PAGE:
There's the story of an actor whose father was chairman of his town's Islamic center, whose mother was the Sunday school principal, and who was publicly outed as gay in a newspaper article.
There's a grad student who realizes his doctor -- to whom he gave his sexual history and asked for an STD test -- is the father of a woman he's falling in love with.
"Salaam, Love: American Muslim Men on Love, Sex, and Intimacy"Edited by Ayesha Mattu and Nura Maznavi
Beacon Press, 248 pages, $16
And there's a geeky college student who meets his soul mate at a conference on international crisis resolution and learns she has cancer.
These are some of the tales American Muslim men share in "Salaam, Love," a new anthology exploring matters of the heart. Editors Ayesha Mattu and Nura Maznavi write that after their first anthology, "Love, InshAllah," by American Muslim women, the reaction they got from many men was: "Where are our stories?" This collection is their answer to that.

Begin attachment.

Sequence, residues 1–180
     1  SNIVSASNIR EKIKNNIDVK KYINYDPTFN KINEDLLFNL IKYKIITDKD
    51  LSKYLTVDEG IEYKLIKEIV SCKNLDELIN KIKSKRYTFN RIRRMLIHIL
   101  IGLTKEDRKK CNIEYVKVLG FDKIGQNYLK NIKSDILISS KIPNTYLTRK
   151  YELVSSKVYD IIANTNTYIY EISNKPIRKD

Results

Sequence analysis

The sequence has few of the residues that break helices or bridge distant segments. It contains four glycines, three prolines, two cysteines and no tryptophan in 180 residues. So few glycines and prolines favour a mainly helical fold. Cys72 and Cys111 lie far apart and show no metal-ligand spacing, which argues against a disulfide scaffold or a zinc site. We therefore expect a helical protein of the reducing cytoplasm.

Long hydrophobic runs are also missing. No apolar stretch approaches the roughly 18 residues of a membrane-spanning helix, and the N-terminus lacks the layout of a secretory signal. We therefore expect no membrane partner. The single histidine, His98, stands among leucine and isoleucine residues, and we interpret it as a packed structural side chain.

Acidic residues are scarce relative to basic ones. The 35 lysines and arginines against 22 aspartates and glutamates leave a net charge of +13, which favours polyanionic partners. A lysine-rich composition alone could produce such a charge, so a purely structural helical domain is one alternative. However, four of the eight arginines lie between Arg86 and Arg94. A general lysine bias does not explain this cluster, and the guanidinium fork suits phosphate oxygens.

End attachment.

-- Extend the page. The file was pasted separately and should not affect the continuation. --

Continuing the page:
"Salaam, Love" is impressively inclusive. There are stories from gay Muslims, conservative Muslims, secular Muslims and converted Muslims, and the topics run the gamut from infidelity to infertility.
Where the anthology falls painfully short is in the overall quality of the stories and the storytelling. Many of the pieces come across as stream of consciousness writing. Several are meandering, overwrought, amateurish. Far too many appear to have missed the essential steps of editing and refining.
A handful of the stories are excellent -- engrossing, poignant, memorable -- but they're in the minority, especially in the first two sections of the book. (The final section is the strongest, if you manage to power through.)
The anthology's premise was promising. Its execution is disappointing.